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Dh1 = Ph14

by | TOP STORIES

Jul. 20, 17 | 7:52 am

The peso recently slid to its lowest level against the dirham in 10 years at Ph13.86 and  industry experts say this trend will continue for months, hitting the Ph14 mark “anytime.”

But while most overseas Filipino workers may be jubilant about this due to the expected windfall, experts caution that the peso depreciation will result to increased monetary value of basic commodities back home due to higher import costs, albeit not that soon. This, they say, would actually necessitate more remittances in the future to keep up with the price hikes.

The dirham is hinged to the dollar, which has been growing more robust following rate hikes implemented by the US Federal Reserve that, in turn, has so far resulted to a peso-dollar exchange hovering at Ph50.65 as of press time.

Ph14-mark

“There is a high probability that we will reach the Ph14-mark anytime this year,” Michelle Sanchez, head of UAE Exchange’s Philippine Corridor Marketing, told The Filipino Times. “The projection is Ph14.20 by the end of the year,” she added. UAE Exchange is among major money transfer companies in the UAE.

Noel Fernando C. Cristal, general manager at  Cebuana Lhuillier Services Corp., a remittance service provider, agreed.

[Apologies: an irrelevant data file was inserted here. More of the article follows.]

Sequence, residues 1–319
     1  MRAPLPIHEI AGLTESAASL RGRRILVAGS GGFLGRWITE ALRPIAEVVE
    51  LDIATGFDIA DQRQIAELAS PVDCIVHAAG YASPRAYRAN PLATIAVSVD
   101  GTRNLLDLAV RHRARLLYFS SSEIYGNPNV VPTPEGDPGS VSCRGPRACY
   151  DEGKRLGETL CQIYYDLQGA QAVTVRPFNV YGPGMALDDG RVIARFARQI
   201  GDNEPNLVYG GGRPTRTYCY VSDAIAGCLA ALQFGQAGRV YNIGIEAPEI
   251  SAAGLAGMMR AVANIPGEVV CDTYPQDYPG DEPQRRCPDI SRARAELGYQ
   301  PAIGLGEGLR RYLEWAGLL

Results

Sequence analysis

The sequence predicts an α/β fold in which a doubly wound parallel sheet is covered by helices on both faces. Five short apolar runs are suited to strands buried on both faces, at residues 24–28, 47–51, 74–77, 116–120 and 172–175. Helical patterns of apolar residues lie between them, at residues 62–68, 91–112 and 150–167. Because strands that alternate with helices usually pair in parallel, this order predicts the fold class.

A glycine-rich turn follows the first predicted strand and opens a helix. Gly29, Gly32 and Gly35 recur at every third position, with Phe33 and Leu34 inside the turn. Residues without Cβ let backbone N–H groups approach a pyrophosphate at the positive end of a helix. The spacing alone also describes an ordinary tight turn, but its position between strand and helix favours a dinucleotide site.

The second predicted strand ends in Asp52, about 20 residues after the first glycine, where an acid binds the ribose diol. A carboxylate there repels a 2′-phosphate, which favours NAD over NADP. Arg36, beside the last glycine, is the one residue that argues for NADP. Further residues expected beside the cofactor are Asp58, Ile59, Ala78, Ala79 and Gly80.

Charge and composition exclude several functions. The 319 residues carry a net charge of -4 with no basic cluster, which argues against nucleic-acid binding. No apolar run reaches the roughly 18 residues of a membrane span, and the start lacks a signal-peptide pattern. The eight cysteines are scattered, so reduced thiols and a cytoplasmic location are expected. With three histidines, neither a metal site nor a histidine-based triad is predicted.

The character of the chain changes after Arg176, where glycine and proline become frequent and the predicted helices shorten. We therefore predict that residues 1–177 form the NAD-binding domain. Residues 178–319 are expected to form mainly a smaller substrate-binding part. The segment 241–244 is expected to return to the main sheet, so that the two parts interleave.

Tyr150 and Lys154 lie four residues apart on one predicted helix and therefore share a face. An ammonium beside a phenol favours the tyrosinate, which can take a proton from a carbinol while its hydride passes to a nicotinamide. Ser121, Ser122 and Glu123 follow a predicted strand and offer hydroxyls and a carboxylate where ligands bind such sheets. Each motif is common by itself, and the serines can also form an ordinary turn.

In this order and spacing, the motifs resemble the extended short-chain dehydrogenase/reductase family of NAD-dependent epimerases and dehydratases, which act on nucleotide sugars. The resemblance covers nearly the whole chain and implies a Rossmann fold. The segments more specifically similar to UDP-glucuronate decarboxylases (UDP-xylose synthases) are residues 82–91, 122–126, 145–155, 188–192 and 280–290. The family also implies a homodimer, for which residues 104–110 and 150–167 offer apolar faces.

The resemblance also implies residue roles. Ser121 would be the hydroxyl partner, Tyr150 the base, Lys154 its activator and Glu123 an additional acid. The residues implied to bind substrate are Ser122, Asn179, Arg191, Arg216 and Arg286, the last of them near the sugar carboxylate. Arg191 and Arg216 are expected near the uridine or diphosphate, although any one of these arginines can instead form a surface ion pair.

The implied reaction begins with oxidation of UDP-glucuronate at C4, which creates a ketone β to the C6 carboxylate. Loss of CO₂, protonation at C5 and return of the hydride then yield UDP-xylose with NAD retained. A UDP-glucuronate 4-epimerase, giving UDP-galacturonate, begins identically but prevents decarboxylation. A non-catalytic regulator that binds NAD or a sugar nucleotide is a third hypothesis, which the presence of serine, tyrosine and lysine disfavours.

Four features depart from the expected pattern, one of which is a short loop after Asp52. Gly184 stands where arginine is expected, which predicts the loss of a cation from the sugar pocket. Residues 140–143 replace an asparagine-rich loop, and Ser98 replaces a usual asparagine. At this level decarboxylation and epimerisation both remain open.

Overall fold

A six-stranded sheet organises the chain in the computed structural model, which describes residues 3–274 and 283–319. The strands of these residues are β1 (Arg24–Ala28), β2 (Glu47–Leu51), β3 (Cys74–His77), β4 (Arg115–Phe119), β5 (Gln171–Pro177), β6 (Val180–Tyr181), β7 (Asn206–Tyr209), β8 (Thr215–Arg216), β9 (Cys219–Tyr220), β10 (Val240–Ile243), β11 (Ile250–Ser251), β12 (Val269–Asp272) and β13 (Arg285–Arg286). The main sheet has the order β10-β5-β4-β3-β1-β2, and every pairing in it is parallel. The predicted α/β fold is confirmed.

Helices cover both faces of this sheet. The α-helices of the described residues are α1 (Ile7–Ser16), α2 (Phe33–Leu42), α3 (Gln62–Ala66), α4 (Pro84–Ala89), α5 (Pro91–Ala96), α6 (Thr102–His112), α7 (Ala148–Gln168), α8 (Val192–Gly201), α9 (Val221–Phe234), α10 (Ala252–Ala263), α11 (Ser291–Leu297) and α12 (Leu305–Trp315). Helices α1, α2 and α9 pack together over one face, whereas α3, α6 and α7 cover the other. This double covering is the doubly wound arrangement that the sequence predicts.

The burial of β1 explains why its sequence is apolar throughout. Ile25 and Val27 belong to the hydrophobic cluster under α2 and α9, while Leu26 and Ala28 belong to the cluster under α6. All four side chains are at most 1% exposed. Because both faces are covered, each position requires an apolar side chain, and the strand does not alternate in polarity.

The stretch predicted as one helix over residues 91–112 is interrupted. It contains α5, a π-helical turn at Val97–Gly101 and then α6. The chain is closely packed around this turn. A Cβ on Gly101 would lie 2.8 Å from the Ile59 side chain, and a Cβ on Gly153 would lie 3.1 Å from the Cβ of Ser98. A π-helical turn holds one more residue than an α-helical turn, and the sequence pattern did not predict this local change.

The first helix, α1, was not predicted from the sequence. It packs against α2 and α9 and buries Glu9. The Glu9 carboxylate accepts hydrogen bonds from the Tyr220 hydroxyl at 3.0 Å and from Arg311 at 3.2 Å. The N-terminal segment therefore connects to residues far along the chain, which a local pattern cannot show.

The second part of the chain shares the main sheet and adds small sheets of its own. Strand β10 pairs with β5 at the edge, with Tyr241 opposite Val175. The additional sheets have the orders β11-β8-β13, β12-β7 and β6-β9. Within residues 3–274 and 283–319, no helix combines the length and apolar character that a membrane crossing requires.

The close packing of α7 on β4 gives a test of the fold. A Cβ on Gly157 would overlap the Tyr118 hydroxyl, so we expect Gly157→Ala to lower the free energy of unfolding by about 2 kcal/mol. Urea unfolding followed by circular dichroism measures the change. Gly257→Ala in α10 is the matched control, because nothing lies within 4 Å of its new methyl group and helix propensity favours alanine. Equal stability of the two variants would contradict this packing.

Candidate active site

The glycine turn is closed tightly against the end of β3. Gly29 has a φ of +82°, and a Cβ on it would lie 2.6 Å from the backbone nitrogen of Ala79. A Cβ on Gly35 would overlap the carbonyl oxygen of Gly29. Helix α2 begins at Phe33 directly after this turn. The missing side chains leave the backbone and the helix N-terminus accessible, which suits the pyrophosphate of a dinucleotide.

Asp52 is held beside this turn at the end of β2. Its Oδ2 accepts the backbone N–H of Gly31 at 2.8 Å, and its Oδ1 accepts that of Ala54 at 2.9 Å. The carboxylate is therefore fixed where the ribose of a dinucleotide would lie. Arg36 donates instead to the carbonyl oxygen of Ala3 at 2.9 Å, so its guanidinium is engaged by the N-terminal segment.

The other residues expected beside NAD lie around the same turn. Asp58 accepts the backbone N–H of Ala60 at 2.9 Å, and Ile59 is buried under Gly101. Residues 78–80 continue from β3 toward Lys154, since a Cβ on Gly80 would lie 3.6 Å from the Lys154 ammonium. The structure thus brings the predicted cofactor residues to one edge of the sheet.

“The peso would depend on its performance against the US dollar.  This would directly influence the exchange rate between the peso against the dirham. Needless to say, if the peso weakens against the US dollar, then it will follow the same path against dirham,” Cristal explained.

“With the continued rate hikes implemented by the US Federal Reserve, it would not be hard to see that trend continuing, even hitting Ph13.90 to Ph14 by end of the year,” he added.


Matthew Boast, Chief Business Officer at Wall Street Exchange, while dismissing speculations about a Dh1-Ph15 rate as “impossible for this year,” said the projection is that the “rate will continue to go up.”

Aside from the strengthening of the dollar, he said another factor causing the peso depreciation are the ongoing war in Marawi City, Lanao del Sur in Mindanao which started May 23 this year. Still another factor, he said, is that “there are not enough investors coming to the Philippines.”

Major setback

Sanchez said the increase in the peso-dirham rate should not at all be construed as good news for OFWs because it actually is a major setback to the purchasing power of the peso.

“While it is true that OFWs feel happy because their salary has more peso equivalent, the prices of basic commodities in the Philippines simultaneously increase; and so it then doesn’t make much difference,” she explained.

“Furthermore,” she added, “if the Philippine peso continues to be weak, payment of foreign debts and global trade will be greatly affected, which will cause higher prices of basic commodities and lead to more expensive goods.”